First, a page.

The sensation of taking off in a single-engine Cessna with our two kids — ages four and six — and watching their eyes become saucers while their jaws drop, naturally causes a parent to wonder: “Will they love this or hate it? Will they relax and have fun or will they remember this as agonizing child abuse?” I have no idea.
It only takes a few minutes until the grip of fear subsides and hints of smiles appear on their faces. They don’t talk — it’s probably a little too much to process — but at least they aren’t crying!
This is their first time flying on any airplane, and experiencing flight for the first time through their eyes reminds me of when I did the same thing at about their ages in much the same way.
Small airplanes offer the sensation of flight in a little bit scarier way than big commercial airplanes, but flying on a small plane while witnessing the pilot in action in the tiny cockpit makes the event so much more significant and personal. It’s like riding on a kayak compared to riding on a cruise liner. We feel the turbulence more profoundly; we hit pockets of big ups and big downs, but this is flight!
We hear through our headphones from our pilot, James, that we are going to head over to Arches. As the roads, cars and buildings become tiny, the view of the vast landscape makes the little outpost of Moab, followed by Castle Valley, appear insignificant. The millions of acres of uninhabited “badlands” below us, with the little channel of the Colorado River carving its way through, is spectacular.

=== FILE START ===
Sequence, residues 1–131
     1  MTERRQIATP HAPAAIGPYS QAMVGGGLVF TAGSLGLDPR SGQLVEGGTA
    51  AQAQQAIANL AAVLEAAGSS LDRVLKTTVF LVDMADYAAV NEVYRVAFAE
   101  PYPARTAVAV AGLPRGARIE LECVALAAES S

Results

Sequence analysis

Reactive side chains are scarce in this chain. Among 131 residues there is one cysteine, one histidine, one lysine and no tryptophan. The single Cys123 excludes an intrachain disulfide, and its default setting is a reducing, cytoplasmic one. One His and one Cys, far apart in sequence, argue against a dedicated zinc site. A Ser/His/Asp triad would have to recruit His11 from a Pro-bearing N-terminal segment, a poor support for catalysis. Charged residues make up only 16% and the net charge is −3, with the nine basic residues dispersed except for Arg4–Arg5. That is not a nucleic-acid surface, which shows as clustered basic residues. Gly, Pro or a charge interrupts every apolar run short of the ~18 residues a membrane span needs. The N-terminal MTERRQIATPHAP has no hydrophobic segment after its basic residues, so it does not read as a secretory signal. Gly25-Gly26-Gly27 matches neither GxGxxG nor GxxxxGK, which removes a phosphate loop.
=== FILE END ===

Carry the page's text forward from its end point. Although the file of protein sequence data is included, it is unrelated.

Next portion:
James has been flying with Redtail Aviation for six years in a single-engine Cessna over Moab, Canyonlands and Arches National Parks. He’s still enthusiastic about the landscape, including petrified sand dunes, hundreds of arches, the massive red rock fins of Fiery Furnace, and the views of Delicate Arch and Landscape Arch from 5,000 feet above.
Moab’s once-remote airport was expanded a few years ago to allow for larger private jets and charter planes. It’s getting busier these days, and there are even a few private jets parked on the tarmac. “We are getting more folks with jets flying in on weekends,” James tells us.
While Moab is quickly becoming an internationally-known destination for the wealthy and elite, families don’t need to break the bank to afford flying over some of the most spectacular scenery on earth. And the sensation of flying over billions of years of geology, especially while creating a sense of awe and wonder in kids, is certainly a worthwhile 45-minute trip.
Subscribe to Utah Stories weekly newsletter and get our stories directly to your inbox